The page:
Kievan Rus Former federation of East Slavic and Finnic tribes

Kievan Rus' or Kyivan Rus' was a loose federation of East Slavic and Uralic peoples in Europe from the late 9th to the mid-13th century, under the reign of the Rurik dynasty, founded by the Varangian prince Rurik. The modern nations of Belarus, Russia, and Ukraine all claim Kievan Rus' as their cultural ancestors, with Belarus and Russia deriving their names from it. The Rurik dynasty would continue to rule parts of Rus' until the 16th century with the Tsardom of Russia. At its greatest extent, in the mid-11th century, it stretched from the White Sea in the north to the Black Sea in the south and from the headwaters of the Vistula in the west to the Taman Peninsula in the east, uniting the majority of East Slavic tribes.

The Zeriuani or Zeruiani was an unknown Slavic tribe mentioned by the 9th-century Bavarian Geographer (BG). It states that the Zeruiani "which is so great a realm that from it, as their tradition relates, all the tribes of the Slavs are sprung and trace their origin".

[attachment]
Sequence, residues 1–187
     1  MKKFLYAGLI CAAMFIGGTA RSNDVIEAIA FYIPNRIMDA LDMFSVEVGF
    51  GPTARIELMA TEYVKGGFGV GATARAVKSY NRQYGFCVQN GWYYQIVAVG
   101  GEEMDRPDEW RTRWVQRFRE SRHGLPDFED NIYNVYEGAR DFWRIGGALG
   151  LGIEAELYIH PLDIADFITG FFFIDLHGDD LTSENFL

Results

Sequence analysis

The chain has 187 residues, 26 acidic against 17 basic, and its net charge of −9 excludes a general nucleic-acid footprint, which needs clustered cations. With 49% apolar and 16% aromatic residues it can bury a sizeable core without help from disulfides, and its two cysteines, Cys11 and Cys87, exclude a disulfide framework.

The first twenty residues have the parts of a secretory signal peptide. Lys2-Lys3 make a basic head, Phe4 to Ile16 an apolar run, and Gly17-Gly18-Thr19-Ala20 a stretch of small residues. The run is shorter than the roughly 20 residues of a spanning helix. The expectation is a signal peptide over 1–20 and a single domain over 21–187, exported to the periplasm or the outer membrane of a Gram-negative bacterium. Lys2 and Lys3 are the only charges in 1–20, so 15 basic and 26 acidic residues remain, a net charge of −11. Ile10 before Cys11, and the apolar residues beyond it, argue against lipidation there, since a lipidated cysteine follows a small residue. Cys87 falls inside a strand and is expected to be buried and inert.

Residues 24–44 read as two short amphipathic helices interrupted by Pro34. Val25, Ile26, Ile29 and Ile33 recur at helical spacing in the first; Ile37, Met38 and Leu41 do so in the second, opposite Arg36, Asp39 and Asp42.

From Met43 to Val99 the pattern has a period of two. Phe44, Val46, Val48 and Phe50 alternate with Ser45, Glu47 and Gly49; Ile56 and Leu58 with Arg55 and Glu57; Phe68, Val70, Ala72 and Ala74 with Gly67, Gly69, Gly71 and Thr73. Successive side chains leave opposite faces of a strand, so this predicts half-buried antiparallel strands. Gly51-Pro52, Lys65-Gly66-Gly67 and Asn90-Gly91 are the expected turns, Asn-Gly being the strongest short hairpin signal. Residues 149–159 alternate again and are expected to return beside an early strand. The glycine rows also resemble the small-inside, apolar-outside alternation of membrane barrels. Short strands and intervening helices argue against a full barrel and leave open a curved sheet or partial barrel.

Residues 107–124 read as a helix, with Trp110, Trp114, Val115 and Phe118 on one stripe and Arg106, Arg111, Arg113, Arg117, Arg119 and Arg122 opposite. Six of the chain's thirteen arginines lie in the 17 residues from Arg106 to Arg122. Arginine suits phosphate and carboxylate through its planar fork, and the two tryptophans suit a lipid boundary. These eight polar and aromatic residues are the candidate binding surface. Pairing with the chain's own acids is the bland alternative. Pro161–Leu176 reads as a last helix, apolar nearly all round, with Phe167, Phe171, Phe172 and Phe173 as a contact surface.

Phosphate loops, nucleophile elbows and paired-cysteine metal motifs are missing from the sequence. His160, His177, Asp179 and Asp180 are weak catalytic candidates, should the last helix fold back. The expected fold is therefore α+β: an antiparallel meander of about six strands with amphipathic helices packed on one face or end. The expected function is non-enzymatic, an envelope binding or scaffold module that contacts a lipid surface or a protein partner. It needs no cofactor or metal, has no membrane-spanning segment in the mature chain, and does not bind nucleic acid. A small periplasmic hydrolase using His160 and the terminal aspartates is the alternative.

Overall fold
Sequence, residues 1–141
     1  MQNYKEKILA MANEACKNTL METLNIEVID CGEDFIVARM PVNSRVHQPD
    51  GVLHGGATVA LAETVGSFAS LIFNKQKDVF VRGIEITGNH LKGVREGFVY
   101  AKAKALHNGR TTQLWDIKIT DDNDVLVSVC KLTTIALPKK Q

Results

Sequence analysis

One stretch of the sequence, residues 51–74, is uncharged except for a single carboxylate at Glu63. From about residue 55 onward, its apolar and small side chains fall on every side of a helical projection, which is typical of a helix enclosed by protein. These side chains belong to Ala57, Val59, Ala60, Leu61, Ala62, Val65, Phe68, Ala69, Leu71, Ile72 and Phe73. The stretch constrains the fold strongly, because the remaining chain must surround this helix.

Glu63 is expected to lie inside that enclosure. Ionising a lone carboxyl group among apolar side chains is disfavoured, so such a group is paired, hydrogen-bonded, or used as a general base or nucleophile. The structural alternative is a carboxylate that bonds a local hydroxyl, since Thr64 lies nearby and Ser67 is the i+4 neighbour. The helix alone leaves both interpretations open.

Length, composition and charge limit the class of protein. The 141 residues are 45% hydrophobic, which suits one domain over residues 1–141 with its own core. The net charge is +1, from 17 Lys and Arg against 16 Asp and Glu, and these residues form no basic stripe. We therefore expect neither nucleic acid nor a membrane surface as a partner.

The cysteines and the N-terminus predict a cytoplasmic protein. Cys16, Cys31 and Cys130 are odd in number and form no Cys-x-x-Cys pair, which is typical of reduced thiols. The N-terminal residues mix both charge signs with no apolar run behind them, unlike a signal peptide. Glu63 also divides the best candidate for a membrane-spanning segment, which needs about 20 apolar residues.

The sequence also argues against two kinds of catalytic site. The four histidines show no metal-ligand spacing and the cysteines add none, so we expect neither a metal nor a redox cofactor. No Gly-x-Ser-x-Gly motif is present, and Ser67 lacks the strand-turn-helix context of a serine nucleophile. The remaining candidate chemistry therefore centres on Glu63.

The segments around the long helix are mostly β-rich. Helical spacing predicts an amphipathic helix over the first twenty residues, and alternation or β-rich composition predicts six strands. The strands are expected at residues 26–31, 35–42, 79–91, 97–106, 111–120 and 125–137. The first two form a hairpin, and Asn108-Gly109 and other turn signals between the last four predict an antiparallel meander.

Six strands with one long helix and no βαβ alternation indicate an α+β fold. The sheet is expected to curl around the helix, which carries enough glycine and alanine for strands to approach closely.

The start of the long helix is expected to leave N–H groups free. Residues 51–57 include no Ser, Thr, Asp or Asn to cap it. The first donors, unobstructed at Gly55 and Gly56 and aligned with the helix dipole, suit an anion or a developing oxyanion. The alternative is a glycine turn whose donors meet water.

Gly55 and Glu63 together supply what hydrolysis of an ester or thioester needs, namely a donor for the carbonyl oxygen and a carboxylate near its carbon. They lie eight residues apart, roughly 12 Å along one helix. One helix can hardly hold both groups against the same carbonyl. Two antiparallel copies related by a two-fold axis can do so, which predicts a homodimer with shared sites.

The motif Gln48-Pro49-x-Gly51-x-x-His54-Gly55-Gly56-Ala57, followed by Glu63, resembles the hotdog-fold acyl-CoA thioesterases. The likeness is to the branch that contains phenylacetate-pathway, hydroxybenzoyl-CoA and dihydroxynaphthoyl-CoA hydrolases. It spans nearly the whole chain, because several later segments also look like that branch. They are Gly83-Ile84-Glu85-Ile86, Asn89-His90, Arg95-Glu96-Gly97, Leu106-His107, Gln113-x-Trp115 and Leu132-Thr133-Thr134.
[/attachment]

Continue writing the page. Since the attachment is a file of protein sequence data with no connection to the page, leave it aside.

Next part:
Lech was a Bohemian tribal ruler, one of the earliest named rulers in early Slavic Bohemia. The first reference to him is in the 805 entry of Annales Regni Francorum when Charles, son of Charlemagne, was sent to Bohemia to pacify the Slavs and according to the chronicle "laid waste to the country and killed their leader named Lecho". It is doubtful that Lecho ruled the whole territory now known as Bohemia. It probably consisted of more or less independent tribes, perhaps with some vassalage relationships with the emerging Great Moravia. The creation of early medieval Bohemian state probably occurred no sooner than at the end of the 9th century under Bořivoj, Spytihněv or perhaps even later dukes of the Přemyslid dynasty.

Włodzisław or Władysław was a Duke of Lendians.

Znetalici was a Slavic tribe mentioned by the 9th-century Bavarian Geographer. They are mentioned as inhabiting 74 civitates (settlements).

Polish–Bohemian War (990)

The Polish–Bohemian War or Polish–Czech War was a conflict in Europe in 990 between the Polish duke Mieszko I of the Duchy of Poland and the Bohemian duke Boleslaus II of the Duchy of Bohemia. It ended with the Bohemians' defeat and with Poland acquiring the territory of Silesia.